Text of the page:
I contemplated crawling the 200m, but I didn’t even know where he was, so just walked across as normal, keeping an eye out for him as I went. Nearing the end of the clearing, I noticed some movement up ahead in the trees. Quickly raising my bino’s, I had the buck ID’d in no time flat, quickly calculated the distance in my head at 250-ish metres as I dropped to the ground, flicked off the safety and let a 155gn ACP out of my 300WM fly, front on into his chest as they were all eyeballing me at this stage.
The deer scattered, the big fella too. He went to the right and I fired again as he ran. At the shot, he turned uphill and I quickly sent another ACP at him and still, he ran. As I bolted the fourth and final round into the chamber from the magazine, I noticed the slightest faulter. Lining him up, ready to send another one at him,
I watched him collapse mid stride. I dared not move, I was ready in case he got up, finger caressing the trigger, waiting for any movement. I needn’t have worried, he was done for and finally mine. I gathered up my 3 spent cases and walked up for a look with a big grin on my face. Looking him over, my first shot hit slightly off to the right side of his chest, the second hit him in the paunch as he ran to the right and the third grazed his right side shoulder, which opened him up like a zipper for about a foot long, so I suppose it was the first shot that killed him in the end, he just didn’t know it.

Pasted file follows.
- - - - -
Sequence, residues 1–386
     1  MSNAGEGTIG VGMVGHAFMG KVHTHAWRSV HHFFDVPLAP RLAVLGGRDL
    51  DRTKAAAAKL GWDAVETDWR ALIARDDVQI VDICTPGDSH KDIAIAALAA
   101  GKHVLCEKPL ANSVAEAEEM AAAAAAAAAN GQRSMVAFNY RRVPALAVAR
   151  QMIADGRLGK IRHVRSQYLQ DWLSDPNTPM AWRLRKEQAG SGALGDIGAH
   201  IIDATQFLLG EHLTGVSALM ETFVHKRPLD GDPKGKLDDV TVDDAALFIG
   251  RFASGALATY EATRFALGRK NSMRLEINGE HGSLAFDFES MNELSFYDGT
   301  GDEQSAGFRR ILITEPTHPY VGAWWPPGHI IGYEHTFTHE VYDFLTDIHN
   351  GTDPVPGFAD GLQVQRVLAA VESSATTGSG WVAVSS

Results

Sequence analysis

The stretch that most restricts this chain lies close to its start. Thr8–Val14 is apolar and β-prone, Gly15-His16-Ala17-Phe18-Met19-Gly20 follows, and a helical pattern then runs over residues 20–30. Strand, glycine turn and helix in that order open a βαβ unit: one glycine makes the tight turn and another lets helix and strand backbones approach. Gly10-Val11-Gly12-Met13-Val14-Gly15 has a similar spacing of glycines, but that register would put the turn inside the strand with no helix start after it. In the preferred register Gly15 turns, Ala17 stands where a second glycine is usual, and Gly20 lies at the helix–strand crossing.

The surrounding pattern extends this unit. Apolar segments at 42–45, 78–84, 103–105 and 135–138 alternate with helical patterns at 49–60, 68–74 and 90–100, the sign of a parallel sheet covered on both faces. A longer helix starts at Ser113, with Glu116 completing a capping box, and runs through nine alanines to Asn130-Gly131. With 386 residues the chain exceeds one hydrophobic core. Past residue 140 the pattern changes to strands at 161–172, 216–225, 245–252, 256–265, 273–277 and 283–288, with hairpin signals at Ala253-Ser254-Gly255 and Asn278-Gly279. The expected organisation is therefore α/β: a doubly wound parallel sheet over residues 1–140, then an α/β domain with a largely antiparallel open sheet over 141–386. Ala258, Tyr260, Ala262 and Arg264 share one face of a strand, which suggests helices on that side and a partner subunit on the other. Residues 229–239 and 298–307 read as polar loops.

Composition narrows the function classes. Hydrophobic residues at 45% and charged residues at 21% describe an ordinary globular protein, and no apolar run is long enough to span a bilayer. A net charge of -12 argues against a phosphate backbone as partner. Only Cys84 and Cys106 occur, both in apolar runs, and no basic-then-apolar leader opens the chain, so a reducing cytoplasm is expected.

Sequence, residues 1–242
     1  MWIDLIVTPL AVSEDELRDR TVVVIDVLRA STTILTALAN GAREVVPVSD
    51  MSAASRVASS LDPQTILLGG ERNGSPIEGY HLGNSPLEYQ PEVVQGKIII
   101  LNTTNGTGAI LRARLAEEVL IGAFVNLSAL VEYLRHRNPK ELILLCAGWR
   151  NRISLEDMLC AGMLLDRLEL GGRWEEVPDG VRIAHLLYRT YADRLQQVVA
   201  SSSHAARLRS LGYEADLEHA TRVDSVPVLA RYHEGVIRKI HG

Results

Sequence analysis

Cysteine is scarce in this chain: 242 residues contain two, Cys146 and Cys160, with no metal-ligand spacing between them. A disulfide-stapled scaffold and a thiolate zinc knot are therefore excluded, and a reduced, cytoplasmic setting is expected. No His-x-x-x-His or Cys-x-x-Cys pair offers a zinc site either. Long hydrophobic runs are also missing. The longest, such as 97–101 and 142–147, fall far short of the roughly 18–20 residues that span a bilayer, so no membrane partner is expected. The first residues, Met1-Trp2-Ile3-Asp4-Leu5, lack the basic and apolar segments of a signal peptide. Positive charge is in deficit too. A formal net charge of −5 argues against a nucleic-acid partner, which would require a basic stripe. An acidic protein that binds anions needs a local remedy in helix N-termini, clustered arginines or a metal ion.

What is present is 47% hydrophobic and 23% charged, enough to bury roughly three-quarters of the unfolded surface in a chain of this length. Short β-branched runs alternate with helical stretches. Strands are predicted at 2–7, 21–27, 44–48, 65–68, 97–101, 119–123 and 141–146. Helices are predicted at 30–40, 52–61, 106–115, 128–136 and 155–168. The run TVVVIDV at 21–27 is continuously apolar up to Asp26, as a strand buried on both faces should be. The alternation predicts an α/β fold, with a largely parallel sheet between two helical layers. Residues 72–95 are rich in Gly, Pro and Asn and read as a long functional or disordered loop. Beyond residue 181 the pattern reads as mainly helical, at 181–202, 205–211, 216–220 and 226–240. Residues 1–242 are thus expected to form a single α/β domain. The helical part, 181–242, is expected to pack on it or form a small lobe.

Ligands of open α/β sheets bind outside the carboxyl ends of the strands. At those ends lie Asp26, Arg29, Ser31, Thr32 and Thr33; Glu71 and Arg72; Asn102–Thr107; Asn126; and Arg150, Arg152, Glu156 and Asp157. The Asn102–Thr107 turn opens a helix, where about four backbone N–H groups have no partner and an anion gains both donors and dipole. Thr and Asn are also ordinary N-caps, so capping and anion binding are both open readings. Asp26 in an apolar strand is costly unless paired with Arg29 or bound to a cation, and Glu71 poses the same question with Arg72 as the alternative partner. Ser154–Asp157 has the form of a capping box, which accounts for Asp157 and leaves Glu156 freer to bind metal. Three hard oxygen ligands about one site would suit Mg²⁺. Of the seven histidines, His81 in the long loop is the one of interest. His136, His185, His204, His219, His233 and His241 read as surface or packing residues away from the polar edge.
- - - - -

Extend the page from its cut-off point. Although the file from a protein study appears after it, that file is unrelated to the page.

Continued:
The journey was now over; five months of persistence had finally paid off. If he had jumped the fence earlier, I might have shot him sooner, but then again, I was kind of glad in the end, it was a great birthday present and a birthday I’ll never forget.
Reid’s Tikka T3 in .300 Win. Mag above.